Skip to main content

Fertility-sparing surgery and oncologic outcome among patients with early-stage ovarian cancer ~propensity score- matched analysis~

Abstract

Background

The aim of this study was to investigate how much the risks of recurrence and death are increased as a consequence of selecting fertility-sparing surgery (FSS) in young women with epithelial ovarian cancer (EOC).

Methods

After a central pathological review and search of the medical records from 14 collaborating hospitals, a non-randomized, observational cohort study was conducted between 1987 and 2015, including 1183 women with stage I EOC. Finally, a total of 285 patients with stage I EOC at reproductive age were recruited. Oncologic outcomes were compared between the FSS (N = 101) and radical surgery (RS) group (N = 184) using a propensity score (PS)-matching technique to adjust for relevant risk factors: the age, substage, histological type, grade, CA125 values, ascites cytology, ascites volume, and chemotherapy.

Results

During 66.0 months (median) of follow-up, 42 patients (14.7%) developed recurrence, and 31 patients (10.9%) died. In the original cohort, there was no significant difference in overall survival (OS) or recurrence-free survival (RFS) between the FSS and RS groups {Log-rank: OS (P = 0.838), RFS (P = 0.377)}. In the PS-matched cohort after adjustment for multiple clinicopathologic factors, there was no significant difference in RFS or OS between the FSS and RS groups {RFS (FSS vs. RS), HR: 1.262 (95% CI: 0.559–2.852), P = 0. 575; OS (FSS vs. RS), HR: 1.206 (95% CI: 0.460–3.163), P = 0.704}.

Conclusions

After adjustment for clinicopathologic factors, FSS in itself may not worsen the oncologic outcome in young women with early-stage EOC. A large-scale clinical study is necessary to validate the findings.

Peer Review reports

Background

Epithelial ovarian cancer (EOC) is the one of the most lethal cancers among gynecologic malignancies worldwide, with more than 238,700 newly diagnosed cases and 151,900 reported deaths per year [1]. In general, this tumor is common in postmenopausal women. However, based on several prior studies, 3–17% of patients with EOC are of reproductive age: under or around 40 years of age [2,3,4,5,6]. If we select conventional surgical procedures in such reproductive-age patients, female-specific endocrine and reproductive functions will be lost. Needless to say, it is most important for us to aim for the complete cure of those women with early-stage EOC. Nevertheless, conserving such a function is also crucial for maintaining their quality of life.

Usually, fertility-sparing surgery (FSS) has been acceptably chosen for young patients with an ovarian-confined / capsulated / well-differentiated EOC. Unfortunately, we cannot accurately estimate rate of recurrence and subsequent mortality will be increased in patients receiving FSS compared with radical surgery, reflecting the difficulty of performing a randomized controlled trial. Several researchers have attempted to determinate the long-term effectiveness of FSS by comparing the oncologic outcome between two cohorts [7, 8]. Nevertheless, it is difficult to conduct a simple comparison because there are many biases between them, including the substage, tumor differentiation, histological type, and presence or absence of chemotherapy.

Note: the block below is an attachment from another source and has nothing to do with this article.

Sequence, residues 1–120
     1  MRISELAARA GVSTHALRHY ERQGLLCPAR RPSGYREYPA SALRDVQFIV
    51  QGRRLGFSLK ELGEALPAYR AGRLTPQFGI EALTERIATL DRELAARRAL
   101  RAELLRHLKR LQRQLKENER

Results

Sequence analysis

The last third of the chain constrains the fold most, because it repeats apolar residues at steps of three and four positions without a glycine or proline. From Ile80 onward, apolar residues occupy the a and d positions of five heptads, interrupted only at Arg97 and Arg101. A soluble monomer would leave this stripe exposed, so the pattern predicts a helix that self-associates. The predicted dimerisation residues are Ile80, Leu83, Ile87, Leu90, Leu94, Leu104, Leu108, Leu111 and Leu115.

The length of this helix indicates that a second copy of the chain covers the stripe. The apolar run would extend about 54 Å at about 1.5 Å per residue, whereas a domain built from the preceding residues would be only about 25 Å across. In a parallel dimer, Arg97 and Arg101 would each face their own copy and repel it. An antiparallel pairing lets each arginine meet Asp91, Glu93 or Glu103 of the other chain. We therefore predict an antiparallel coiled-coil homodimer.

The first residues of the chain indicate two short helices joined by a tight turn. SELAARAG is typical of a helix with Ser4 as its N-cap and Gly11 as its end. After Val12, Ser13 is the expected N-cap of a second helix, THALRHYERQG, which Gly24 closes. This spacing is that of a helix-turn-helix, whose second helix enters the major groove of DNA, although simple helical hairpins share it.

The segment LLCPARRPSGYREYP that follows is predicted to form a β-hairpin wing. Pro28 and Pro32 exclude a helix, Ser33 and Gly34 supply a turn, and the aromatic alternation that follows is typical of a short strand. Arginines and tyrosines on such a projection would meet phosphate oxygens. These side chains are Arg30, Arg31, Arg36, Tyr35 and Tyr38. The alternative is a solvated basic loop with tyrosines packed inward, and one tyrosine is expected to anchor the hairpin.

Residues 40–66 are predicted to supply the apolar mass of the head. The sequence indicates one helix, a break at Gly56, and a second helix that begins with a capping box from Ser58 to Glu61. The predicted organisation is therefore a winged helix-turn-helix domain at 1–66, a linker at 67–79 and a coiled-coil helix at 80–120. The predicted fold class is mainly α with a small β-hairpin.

Recently, there has been increasing interest in applying a propensity score methodology to reduce or eliminate the effects of confounding when analyzing observational data. In the current study, we investigated the impact of FSS on recurrence-free and overall survival in young patients with early-stage EOC in a multicentric analysis using a propensity score-matching technique.

Methods

Patient enrollment

Between January/1987 and December/2015, 4237 patients with malignant ovarian tumors were registered and accumulated by the Tokai Ovarian Tumor Study Group (TOTSG), consisting of 14 collaborating institutions [9]. All histological slides were reviewed by two expert pathologists with no knowledge of the patients’ clinical data under a central pathological review system. Eligible cases included: 1) age under 45 years old at the time of the initial diagnosis, 2) histologically confirmed stage I EOC, 3) received initial surgery and periodic follow-up at the aforementioned institutions. Accordingly, of these, there were 1183 patients with stage I EOC with sufficient clinical information. Consequently, from this database, 285 patients aged younger than or equal to 45 years who had a stage I EOC were analyzed, including 101 patients who had received FSS and 184 who had undergone radical surgery (RS) (Additional file 2: Figure. S1). As the histological types, we adopted the World Health Organization (WHO) classification criteria. The stage was assigned according to the International Federation of Gynecology and Obstetrics (FIGO) staging system [10, 11]. This study was approved by the ethics committee of Nagoya University.

Treatments

The standard surgeries in patients who belonged to the RS cohort were in principal hysterectomy and bilateral salpingo-oophorectomy with the complete staging surgery. The complete staging surgery was defined as lymph node evaluation and peritoneal staging. The peritoneal staging included cytology of ascites or washing, and/or omentectomy (or biopsy), and appropriate peritoneal biopsy if necessary. Lymph node evaluation involved one of the following: 1) lymph node sampling, 2) lymph node dissection, or 3) palpation and removal of enlarged lymph nodes. The selecting principles in women who received the FSS were as follows: 1) Women had strongly desired to preserve fertility, 2) those were informed of the possible benefits and risks of FSS, and signed a consent form in a preoperative counseling session. The surgical approach for these patients were at least conservation of the contralateral ovary and uterus with a full peritoneal staging. Omentectomy, wedge resection of the remaining ovary, and systematic retroperitoneal lymphadenectomy were optional. However, the absence of an enlarged lymph node more than 1 cm in diameter was confirmed by preoperative imaging; if present, enlarged nodes were appropriately sampled [9].